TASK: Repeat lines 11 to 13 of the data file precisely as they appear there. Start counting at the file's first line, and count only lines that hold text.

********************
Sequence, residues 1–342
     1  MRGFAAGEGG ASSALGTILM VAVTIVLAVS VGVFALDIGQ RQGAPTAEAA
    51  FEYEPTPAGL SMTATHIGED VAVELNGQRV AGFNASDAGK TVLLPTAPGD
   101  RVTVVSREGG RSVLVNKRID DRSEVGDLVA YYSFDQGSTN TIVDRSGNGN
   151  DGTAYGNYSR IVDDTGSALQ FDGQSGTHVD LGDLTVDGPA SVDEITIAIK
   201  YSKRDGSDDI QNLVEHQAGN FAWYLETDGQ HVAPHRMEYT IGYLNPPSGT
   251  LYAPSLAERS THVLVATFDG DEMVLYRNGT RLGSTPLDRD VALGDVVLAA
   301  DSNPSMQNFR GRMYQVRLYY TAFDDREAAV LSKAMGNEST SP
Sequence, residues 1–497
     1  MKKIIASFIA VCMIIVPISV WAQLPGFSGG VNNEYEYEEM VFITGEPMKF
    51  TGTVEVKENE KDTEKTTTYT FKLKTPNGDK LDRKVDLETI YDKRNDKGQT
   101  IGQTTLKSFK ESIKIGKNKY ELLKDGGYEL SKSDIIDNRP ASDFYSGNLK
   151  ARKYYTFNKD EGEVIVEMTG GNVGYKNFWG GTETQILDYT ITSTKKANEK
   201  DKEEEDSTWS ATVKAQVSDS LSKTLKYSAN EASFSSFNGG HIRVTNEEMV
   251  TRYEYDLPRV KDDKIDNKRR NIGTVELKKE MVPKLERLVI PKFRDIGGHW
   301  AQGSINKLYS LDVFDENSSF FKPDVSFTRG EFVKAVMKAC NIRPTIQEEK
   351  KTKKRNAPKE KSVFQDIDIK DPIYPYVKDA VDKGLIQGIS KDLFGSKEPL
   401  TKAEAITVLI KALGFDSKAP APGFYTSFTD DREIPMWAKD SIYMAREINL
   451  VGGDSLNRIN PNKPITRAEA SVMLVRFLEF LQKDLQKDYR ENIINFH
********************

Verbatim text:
    51  TGTVEVKENE KDTEKTTTYT FKLKTPNGDK LDRKVDLETI YDKRNDKGQT
   101  IGQTTLKSFK ESIKIGKNKY ELLKDGGYEL SKSDIIDNRP ASDFYSGNLK
   151  ARKYYTFNKD EGEVIVEMTG GNVGYKNFWG GTETQILDYT ITSTKKANEK